Page One

Berkeley lab helps make murder suspect, DNA match

Bay City News
Thursday February 22, 2001

State Attorney General Bill Lockyer announced today that a DNA match made at the California Department of Justice DNA Laboratory in Berkeley has fingered a suspect in a 1984 sexual assault and murder. Lockyer said David James McIntosh, a convicted sex offender currently in Folsom Prison on parole violations, will be charged tomorrow in the sexual assault and murder of 13-year-old Heidi Fredette in Tehama County.  

McIntosh was identified as a suspect in Fredette's death as the result of a search of the Department of Justice's Convicted Felon Databank in January. Lockyer called the match a “cold hit,” meaning McIntosh had not been connected with the unsolved crime prior to the search. State law requires that blood and saliva samples be taken from those convicted of certain violent crimes and sexual assaults for the use of law enforcement agencies.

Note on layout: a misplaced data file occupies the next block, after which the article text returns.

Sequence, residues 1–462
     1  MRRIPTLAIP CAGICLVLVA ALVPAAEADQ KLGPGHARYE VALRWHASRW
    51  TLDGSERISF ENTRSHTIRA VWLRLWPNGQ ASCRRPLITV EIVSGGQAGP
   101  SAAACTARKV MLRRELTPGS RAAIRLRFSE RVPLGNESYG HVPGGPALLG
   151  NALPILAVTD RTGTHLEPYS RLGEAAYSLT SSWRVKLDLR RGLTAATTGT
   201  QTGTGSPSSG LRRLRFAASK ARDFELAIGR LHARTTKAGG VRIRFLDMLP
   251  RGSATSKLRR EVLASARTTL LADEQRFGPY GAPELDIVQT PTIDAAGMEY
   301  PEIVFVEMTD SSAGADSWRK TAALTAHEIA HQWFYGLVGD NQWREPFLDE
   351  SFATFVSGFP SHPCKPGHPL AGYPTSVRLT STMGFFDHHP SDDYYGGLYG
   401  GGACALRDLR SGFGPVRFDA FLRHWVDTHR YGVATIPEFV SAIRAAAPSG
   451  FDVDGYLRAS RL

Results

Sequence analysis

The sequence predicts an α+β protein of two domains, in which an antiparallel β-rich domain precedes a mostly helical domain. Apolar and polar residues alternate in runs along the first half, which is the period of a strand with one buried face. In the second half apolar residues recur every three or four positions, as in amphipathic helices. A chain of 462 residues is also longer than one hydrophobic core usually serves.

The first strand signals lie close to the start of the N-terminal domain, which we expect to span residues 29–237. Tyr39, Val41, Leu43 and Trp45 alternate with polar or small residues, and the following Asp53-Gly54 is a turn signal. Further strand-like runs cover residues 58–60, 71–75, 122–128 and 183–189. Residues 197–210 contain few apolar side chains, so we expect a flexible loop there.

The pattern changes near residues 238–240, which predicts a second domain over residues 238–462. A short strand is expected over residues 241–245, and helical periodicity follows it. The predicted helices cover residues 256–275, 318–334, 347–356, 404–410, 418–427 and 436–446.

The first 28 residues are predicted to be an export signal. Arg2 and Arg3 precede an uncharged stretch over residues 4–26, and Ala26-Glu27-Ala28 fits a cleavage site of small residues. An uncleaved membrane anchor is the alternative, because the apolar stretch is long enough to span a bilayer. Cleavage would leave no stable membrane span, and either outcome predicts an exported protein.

Although there is currently a backlog of unanalyzed samples, the databank in Berkeley is expected to have analyzed and stored around 200,000 DNA profiles of convicted felons by July. 

Lockyer said a total of 29 convicted felons have been identified as suspects in unsolved crimes due to database searches since they began in 1994. Among those recently identified is Perry Tatmon, who was charged last week with the January 2000 rape of a developmentally disabled woman in Santa Rosa. 

Lockyer said he is sponsoring legislation this year seeking to expand the list of criminal convictions in which the collection of DNA samples can be ordered.